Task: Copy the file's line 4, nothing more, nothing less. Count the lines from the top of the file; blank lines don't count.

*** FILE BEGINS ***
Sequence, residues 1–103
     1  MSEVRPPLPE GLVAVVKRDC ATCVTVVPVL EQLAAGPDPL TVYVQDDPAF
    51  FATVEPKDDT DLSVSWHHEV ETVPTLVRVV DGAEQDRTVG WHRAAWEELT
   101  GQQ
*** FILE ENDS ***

   101  GQQ